The Benefits of Backlist

Just in case anyone is wondering, backlist is books a writer has written that are not current releases. They may, or may not, still be in print. When a reader, such as myself, finds a new-to-her writer and likes what she read, that reader may well go in search of the writer’s back list. As, for example, what I did when I discovered Mary Balogh. I went off and read as many of her titles as I could get my hands on. I did the opposite when I read J.R. Ward’s Dark Lover. The book store had the first three titles, but I didn’t want to buy all three when I didn’t know if I’d like the first one.

So off I went to read Dark Lover. I went back to the bookstore the next day and bought the other two, profoundly relieved that 1) my not-so-romance friendly store even had the titles and 2) that no one had bought them after I was foolish enough not to buy them right away.

Backlist is important to a writer’s career because it gives new readers a feeling of depth about a writer. When they find a writer they like, they go looking for backlist. Despite all the hoopla we hear about frontlist (books that are selling for the first time now), publishers make money off of backlist titles. They’ve already paid for the publication process. Reprinting, as I understand it, is certainly cheaper than starting new. And with some backlist titles, they may have warehoused copies, if the book has remained in print. And for original sales of backlist, the author eventually gets some money flowing her way, too.

Authors, as most people probably know, are not paid for used book sales. Which completely makes sense, in our system. Most authors, being avid readers themselves, understand about buying used — it’s much cheaper and who doesn’t want to be cautious about shelling out $7 or more per book on authors who are unknown quantities?

My very first two books (Passion’s Song and Stolen Love) are years and years out of print and will never be reprinted. They are only available used and that’s if they can be found in a UBS.

My other titles, however, are more recent history. Lord Ruin and The Spare (2002 and 2004 respectively) went out of print for quite a while. But in the last year and a half, they’ve been reprinted and are available for sale new. I’m guessing that’s mostly online sales, since I’ve not seen either title in a bookstore as new. I only found out about new copies being sold when I was on Amazon one day and saw that those titles said there were new copies available to be shipped right away.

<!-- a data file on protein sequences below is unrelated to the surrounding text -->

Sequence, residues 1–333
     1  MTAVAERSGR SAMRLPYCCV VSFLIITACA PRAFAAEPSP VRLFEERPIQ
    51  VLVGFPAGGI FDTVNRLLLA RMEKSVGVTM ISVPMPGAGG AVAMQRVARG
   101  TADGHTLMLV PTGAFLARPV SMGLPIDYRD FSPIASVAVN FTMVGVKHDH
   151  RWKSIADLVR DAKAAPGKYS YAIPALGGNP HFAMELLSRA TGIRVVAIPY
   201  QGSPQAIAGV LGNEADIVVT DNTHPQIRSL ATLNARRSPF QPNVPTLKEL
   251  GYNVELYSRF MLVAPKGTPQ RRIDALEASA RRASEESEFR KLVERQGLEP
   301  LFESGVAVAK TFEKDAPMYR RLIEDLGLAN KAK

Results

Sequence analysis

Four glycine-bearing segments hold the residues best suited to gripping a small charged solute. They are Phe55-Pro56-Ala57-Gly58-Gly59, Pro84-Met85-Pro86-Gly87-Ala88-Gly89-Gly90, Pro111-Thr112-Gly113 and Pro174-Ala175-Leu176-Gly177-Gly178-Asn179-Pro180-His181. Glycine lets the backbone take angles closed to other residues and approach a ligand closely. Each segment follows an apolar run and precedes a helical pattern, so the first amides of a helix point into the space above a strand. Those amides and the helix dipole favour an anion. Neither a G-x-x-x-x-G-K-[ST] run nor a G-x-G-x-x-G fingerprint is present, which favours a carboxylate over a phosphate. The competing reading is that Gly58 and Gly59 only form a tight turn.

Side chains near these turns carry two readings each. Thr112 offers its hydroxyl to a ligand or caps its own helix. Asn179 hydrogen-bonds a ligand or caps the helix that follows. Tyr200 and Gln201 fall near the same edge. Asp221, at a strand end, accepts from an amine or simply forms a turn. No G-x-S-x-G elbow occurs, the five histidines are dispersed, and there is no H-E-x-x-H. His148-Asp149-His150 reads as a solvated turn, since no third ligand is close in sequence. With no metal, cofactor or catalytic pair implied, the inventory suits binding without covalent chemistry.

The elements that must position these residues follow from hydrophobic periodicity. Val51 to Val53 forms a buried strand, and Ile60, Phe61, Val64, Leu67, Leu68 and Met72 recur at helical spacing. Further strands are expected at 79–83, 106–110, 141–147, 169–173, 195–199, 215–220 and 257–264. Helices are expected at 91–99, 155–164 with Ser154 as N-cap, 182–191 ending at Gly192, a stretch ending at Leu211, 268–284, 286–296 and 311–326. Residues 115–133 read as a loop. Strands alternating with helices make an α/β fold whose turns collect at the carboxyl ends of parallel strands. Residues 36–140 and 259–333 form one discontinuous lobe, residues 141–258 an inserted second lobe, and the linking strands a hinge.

What this means is that I have a backlist. And now I’ve seen mentions of people looking for and reading my backlist after reading a more frontlist title.

Huzzah!

Obviously, I hope people buy new, but even if they buy used, I end up in their thoughts about writers whose new books they’ll want to buy. Which is pretty cool, if you ask me.

Here’s looking at me having even more backlist one day. Along with more frontlist, of course.

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3 Responses to “The Benefits of Backlist”

  1. Anonymous says:

    On finding backlist books: yes, I admit it, I do look for backlist books. I sometimes like to read how an author has grown in her craft over time. I note that sometimes the times are Short (as in, a year or two) between her first few, good-but-not-great books and her third, spectacular book! At other times, I am lucky to find a new author at the first book and get to follow a series.
    J.R. Ward's Dark Lover was on special display at the bookstore the first month it came out, so I took a chance on an author I'd never heard about and bought it for full price. Was I ever glad I did that! Other times, I've had to search for a backlist book I overlooked when it first came out, to my frustration and eventual triumph. It's always nicer when the frustration pays off with a super book.
    — Susan in AZ

  2. ranearia says:

    I love going through an Author's backlist, although many books are hard to find sometimes (*pats her Lord Ruin copy*) and alot of money (Mary Balogh's An Unacceptable Offer goes for $100+) If I love an Author's work I'll usually find a way to buy them. Although I wish some author's work would be in reprint!

  3. Carolyn says:

    Yay for backlist all around. I love finding a new-to-me author and discovering he or she has a deep backlist.

    And yes, some of those out of print books are shockingly expensive.

    I hear you on the Ward story, too. Lucky you!